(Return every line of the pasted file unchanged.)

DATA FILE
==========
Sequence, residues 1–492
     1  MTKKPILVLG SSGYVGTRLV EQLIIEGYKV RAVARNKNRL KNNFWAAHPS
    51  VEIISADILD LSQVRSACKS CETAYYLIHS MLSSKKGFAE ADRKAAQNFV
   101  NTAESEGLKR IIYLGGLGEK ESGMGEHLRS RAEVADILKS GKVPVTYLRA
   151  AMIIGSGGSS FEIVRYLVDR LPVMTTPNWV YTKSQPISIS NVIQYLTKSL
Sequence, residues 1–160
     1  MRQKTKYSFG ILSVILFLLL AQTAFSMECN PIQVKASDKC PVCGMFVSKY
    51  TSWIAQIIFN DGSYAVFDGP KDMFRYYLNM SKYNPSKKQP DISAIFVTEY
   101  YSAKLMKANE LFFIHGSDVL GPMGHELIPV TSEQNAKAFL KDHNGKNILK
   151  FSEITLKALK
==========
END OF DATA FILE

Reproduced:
Sequence, residues 1–492
     1  MTKKPILVLG SSGYVGTRLV EQLIIEGYKV RAVARNKNRL KNNFWAAHPS
    51  VEIISADILD LSQVRSACKS CETAYYLIHS MLSSKKGFAE ADRKAAQNFV
   101  NTAESEGLKR IIYLGGLGEK ESGMGEHLRS RAEVADILKS GKVPVTYLRA
   151  AMIIGSGGSS FEIVRYLVDR LPVMTTPNWV YTKSQPISIS NVIQYLTKSL
Sequence, residues 1–160
     1  MRQKTKYSFG ILSVILFLLL AQTAFSMECN PIQVKASDKC PVCGMFVSKY
    51  TSWIAQIIFN DGSYAVFDGP KDMFRYYLNM SKYNPSKKQP DISAIFVTEY
   101  YSAKLMKANE LFFIHGSDVL GPMGHELIPV TSEQNAKAFL KDHNGKNILK
   151  FSEITLKALK